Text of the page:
Do hedge funds see gold as an alternative currency?

Dorothy Kosich
’14-DEC-06 08:00′

RENO, NV (Mineweb.com) –Citing a potential hedge fund paradigm shift for gold as an alternative currency, Toronto’s National Bank Financial (NBF) Tuesday revised its gold price forecast upward from $600/oz to $650/oz in 2007.

Analyst Tanya Jakusconek and associates Susan Muir and Farooq Hamed suggested that the current 5 1/2 year rally in gold prices “may represent a paradigm shift for gold as it has taken on a new role as an alternative currency (portfolio diversification) and has the potential to play a larger role as a foreign reserve asset.” As proof, she noted that fund buying now accounts for more than 900 tonnes of gold internationally.

“On the central bank front, there may be demand potential from governments looking to bring their reserves more in line with the world average, including the Chinese government, which is being pressured to diversify its foreign reserves away from the U.S. dollar and into other assets,” according to NBF’s analysis. “Another repegging of the yuan to the U.S. would also be positive for gold.”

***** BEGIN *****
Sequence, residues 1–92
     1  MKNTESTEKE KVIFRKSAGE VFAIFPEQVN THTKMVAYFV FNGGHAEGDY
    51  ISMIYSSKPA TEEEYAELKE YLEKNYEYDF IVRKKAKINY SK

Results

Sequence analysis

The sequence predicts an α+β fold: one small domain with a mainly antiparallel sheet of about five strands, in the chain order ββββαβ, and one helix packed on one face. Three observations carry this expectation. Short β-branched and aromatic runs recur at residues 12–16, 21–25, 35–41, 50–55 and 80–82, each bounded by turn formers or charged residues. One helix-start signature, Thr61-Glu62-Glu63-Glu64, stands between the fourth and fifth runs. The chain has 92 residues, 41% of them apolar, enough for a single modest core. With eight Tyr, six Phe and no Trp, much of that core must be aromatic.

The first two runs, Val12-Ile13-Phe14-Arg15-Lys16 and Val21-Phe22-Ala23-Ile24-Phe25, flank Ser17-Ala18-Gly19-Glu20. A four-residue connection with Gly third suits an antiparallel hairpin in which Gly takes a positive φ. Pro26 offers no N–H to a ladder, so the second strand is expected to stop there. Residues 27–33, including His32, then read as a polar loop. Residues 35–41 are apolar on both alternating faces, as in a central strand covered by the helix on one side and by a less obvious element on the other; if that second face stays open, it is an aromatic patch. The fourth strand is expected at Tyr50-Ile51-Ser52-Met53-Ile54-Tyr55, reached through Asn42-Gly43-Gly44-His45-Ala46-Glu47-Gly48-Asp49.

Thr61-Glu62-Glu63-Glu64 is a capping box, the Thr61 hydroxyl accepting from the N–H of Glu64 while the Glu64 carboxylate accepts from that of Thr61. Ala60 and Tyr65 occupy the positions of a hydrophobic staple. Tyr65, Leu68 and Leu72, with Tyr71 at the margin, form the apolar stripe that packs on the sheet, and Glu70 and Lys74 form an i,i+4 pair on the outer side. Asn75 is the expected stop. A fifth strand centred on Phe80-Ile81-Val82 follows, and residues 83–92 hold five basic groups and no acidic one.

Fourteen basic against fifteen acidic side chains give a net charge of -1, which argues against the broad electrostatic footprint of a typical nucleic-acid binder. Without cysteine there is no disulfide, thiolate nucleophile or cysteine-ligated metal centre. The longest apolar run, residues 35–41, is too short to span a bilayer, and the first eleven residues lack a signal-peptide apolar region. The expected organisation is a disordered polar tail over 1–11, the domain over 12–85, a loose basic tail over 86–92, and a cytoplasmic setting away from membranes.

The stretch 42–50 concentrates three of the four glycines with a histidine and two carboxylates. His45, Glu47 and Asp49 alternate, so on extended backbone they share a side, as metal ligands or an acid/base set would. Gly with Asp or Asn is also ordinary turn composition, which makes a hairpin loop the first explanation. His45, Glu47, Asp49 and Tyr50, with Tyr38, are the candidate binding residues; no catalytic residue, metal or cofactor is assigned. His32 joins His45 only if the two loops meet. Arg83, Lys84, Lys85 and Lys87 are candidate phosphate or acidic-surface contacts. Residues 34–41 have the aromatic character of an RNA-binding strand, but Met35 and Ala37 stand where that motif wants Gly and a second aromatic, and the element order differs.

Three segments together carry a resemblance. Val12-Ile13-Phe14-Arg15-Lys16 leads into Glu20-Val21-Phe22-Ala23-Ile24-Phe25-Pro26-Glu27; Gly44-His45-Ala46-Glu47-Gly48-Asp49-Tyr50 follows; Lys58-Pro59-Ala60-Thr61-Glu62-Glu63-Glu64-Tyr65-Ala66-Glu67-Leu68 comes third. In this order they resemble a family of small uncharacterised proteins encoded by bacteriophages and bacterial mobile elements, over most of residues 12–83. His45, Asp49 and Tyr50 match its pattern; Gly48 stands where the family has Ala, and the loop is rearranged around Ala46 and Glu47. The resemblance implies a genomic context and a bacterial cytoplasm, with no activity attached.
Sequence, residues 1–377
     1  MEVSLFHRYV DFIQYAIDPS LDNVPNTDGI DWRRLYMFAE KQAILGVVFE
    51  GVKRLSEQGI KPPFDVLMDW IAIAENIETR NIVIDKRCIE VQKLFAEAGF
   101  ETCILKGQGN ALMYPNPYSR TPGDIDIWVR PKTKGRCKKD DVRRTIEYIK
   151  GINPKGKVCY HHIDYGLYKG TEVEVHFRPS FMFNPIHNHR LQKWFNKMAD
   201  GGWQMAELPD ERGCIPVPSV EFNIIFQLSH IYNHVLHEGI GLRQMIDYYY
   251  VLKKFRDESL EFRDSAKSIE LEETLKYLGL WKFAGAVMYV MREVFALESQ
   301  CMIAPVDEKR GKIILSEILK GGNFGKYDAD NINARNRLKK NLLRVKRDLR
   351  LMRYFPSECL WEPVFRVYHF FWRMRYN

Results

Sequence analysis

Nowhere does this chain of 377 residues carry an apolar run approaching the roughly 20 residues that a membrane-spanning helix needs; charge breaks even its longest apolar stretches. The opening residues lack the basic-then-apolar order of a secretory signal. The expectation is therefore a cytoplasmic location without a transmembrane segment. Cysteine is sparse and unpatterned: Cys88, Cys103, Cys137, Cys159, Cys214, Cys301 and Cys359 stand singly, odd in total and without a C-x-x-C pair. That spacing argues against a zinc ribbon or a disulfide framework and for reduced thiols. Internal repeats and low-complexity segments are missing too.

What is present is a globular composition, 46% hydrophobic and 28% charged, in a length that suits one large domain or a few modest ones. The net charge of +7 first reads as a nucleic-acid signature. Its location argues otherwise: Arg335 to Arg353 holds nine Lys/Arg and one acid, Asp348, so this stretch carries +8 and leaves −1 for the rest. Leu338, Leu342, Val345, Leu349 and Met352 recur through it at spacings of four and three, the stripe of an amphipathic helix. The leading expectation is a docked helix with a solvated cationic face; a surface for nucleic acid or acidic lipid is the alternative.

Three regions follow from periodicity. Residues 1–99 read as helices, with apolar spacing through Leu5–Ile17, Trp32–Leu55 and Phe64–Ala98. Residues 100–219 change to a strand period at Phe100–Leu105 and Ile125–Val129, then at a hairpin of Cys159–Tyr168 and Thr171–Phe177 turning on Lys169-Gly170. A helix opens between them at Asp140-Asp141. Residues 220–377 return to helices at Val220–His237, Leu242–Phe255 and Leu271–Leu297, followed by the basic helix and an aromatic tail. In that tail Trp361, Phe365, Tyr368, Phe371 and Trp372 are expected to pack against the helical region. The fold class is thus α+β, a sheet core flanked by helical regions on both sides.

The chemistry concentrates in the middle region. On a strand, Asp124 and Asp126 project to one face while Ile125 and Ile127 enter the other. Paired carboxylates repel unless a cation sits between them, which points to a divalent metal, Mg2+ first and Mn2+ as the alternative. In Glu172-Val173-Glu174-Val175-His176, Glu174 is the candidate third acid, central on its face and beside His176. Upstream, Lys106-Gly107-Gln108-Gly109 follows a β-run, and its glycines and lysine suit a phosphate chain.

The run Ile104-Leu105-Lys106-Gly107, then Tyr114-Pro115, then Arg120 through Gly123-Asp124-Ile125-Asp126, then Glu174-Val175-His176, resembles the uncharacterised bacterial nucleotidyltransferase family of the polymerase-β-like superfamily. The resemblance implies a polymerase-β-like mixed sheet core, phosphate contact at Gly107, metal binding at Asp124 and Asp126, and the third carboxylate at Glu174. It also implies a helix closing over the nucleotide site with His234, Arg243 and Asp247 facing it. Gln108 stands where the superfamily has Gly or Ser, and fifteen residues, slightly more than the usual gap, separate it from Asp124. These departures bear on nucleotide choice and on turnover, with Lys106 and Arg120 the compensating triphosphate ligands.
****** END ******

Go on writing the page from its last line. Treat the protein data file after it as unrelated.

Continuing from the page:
Jakusconek said NBF has predicated its outlook on a positive mix of historic price drivers and gold market fundamentals. The historic price drivers include the U.S. dollar, expectations of higher inflation and lower real interest rates. “On the demand side, gold market fundamentals include the continued strong investment demand (gold is increasingly being viewed as an alternative asset to currencies) and current accounts for 912 tonnes (ETFs/COMEX/CBOT) and steady fabrication demand/jewelry demand,” NBF said.

Meanwhile, Jakusconek declared that “the dehedging trend has become entrenched and is continuing, and mine output is leveling off over the next several years (next wave of large new mines does not come into production until 2010 or later).”

NBF asserted that its new 2007 forecast of $650/oz gold is in line with a consensus average of 24 brokers. The bank also raised cash costs for all companies “as the higher gold price assumes mining of lower-grade material, which generally results in higher costs.” Jakusconek’s top picks continue to be Goldcorp in the senior group and Agnico-Eagle and Eldorado Gold in the mid-tier producers

National Bank also raised its 2007 silver price forecast from $12/oz to $13/oz. Jakusconek said NBF’s silver estimates are based on a 50 to 1 ratio with gold.